This task seems to him much easier because theocratic institutions have successively sunk into indifference or contempt. From these same metaphysical declines, soon and finally nothing will remain of what is called Providence, without which we can no longer determine the key attributes of the supreme intelligence, which the concept of a universal mind tried to clarify. On all of the sequentially accumulated ruins of religion Mr. Martin succeeds in building up by the principle of negation, thereby rebuilding a Gospel where Jesus, stripped of divinity which was decked in the fanaticism and superstition of ancient times, is made into a thinking human as an incarnation of a latent genius that produced through the ages a mysterious work of revolution, and therefore returns him to his rightful place as claimant and martyr. — Here, first of all, Mr. Martin may wish to allow us to make this remark, which is not as important as you might think: If God is to be placed at the door of this semi-religious monument which is called the Gospel, it loses nor gains in having a God or lacking one, since in any case, as Mr. Martin notes, its influence is negative because of the increasingly positive state today of the human mind: hence, by such rigor, one might conclude that the exegetical controversy is useless, completely useless.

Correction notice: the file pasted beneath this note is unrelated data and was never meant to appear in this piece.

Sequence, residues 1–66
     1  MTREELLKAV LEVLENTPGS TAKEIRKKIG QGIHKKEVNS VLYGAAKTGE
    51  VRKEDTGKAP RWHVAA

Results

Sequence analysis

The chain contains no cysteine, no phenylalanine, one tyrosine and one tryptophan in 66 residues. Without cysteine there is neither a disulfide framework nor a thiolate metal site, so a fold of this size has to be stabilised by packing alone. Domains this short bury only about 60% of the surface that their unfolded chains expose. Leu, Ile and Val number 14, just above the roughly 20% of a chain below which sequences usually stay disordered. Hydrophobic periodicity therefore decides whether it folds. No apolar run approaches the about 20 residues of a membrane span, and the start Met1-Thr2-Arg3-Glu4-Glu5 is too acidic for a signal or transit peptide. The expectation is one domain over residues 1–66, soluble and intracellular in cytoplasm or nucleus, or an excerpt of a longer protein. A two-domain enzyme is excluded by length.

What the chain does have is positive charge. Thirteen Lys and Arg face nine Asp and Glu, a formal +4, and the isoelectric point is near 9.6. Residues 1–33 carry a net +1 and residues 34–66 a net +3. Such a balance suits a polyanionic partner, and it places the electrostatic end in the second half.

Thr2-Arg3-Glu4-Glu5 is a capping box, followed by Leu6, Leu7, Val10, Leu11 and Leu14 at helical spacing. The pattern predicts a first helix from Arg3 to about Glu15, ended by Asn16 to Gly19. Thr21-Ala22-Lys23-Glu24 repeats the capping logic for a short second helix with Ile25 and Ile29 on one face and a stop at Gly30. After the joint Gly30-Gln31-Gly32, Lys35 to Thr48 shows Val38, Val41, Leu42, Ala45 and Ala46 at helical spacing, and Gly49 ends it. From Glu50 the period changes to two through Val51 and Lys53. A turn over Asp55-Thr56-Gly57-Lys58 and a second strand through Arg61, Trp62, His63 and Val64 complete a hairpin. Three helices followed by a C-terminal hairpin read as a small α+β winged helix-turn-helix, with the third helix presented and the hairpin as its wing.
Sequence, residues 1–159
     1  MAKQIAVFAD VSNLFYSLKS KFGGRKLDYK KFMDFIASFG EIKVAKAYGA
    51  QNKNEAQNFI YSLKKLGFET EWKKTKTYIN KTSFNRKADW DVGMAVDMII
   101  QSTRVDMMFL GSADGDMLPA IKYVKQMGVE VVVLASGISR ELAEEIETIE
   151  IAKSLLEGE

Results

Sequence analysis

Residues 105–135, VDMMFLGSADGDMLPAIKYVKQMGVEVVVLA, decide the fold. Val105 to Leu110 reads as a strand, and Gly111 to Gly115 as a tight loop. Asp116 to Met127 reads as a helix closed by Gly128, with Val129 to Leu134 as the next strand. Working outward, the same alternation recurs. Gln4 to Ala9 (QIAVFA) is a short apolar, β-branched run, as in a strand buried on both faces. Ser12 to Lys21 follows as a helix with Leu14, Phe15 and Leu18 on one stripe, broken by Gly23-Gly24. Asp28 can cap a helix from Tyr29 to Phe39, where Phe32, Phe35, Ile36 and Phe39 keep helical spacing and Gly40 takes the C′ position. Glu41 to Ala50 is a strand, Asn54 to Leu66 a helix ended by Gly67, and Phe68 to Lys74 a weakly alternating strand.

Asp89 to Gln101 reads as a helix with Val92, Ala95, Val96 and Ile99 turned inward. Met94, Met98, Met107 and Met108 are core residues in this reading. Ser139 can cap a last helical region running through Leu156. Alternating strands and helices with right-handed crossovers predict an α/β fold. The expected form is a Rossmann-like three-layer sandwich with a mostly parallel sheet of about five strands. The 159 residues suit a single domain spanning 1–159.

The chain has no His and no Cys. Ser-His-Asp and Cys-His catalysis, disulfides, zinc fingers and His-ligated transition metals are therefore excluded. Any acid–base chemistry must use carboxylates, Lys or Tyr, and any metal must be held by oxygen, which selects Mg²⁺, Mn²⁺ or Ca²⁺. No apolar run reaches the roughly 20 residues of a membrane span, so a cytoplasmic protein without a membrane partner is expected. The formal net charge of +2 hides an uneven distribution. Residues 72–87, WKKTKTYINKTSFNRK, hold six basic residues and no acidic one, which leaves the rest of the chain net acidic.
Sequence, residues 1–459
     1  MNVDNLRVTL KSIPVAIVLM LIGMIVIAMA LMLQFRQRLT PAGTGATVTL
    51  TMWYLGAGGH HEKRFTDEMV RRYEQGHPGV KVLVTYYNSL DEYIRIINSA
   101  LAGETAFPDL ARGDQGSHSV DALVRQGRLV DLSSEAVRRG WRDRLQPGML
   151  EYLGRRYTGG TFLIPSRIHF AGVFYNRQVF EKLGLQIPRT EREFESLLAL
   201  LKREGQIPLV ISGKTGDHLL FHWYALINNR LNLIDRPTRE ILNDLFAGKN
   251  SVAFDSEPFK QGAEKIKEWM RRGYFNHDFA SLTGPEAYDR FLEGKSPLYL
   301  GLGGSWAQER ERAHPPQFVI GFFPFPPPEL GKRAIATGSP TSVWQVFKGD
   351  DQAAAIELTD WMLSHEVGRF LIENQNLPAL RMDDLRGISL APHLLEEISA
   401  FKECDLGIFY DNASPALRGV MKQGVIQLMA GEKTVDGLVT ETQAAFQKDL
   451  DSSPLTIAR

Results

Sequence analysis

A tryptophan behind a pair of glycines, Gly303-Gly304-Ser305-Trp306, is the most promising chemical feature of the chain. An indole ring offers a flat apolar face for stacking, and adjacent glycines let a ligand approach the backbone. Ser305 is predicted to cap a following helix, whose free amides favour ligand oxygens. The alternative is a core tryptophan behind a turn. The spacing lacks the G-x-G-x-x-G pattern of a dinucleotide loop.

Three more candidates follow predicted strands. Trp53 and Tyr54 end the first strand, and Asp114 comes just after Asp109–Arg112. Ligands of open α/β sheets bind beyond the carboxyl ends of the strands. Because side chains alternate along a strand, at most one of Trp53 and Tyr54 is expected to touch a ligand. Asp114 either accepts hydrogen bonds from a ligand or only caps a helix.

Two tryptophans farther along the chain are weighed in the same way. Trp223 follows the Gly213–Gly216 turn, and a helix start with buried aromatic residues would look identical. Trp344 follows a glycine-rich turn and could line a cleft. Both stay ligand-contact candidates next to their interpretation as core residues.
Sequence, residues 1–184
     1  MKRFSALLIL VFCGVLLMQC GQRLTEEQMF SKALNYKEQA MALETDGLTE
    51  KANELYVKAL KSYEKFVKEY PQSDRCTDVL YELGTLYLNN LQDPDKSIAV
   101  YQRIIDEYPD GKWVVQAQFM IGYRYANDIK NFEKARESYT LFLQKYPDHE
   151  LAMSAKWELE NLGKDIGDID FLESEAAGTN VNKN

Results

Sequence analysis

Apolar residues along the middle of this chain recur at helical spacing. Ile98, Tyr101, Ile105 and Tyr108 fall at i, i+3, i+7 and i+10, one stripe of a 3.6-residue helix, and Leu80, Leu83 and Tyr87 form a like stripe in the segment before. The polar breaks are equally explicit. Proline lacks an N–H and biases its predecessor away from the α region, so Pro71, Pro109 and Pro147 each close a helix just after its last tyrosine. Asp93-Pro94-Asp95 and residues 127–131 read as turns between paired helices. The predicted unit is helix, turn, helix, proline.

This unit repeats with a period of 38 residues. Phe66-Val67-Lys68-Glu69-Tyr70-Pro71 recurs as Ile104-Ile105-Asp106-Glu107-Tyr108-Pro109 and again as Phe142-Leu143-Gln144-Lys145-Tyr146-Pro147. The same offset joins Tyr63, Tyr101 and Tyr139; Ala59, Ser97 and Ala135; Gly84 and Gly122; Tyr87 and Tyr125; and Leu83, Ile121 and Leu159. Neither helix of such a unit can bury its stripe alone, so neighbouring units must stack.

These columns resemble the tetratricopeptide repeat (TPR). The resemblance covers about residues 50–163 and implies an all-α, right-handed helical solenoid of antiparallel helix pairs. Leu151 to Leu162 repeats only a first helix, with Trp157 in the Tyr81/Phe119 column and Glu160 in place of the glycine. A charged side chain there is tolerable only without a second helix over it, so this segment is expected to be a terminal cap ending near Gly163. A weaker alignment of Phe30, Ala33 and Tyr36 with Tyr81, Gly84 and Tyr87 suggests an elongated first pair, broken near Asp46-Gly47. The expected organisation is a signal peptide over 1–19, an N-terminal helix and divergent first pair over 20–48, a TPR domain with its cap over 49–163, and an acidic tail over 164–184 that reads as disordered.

The life of Jesus has already been well disputed; it was furiously dissected in the old days, his very existence is disputed, along with supporting documents and texts. Here precisely to resolve the debate, our author comes brandishing a new thesis sharpened well, thoroughly drenched in the pure sources of truth according to St. Matthew and St. Luke, who themselves are not in agreement as early on as establishing the genealogy of Christ. Fiction against fiction, I do not distinguish what need there may be to battle with the dead to destroy an enemy that we conclude does not exist, that is to say to remove a myth from a legend in order to purify that whose inspiration was a myth. But this assessment is very personal and is not, of course, relevant to a work, already weakened by the secondary role awarded to women, whose social perspective, aside from that, retains some philosophical and literary value; and is luxuriously edited.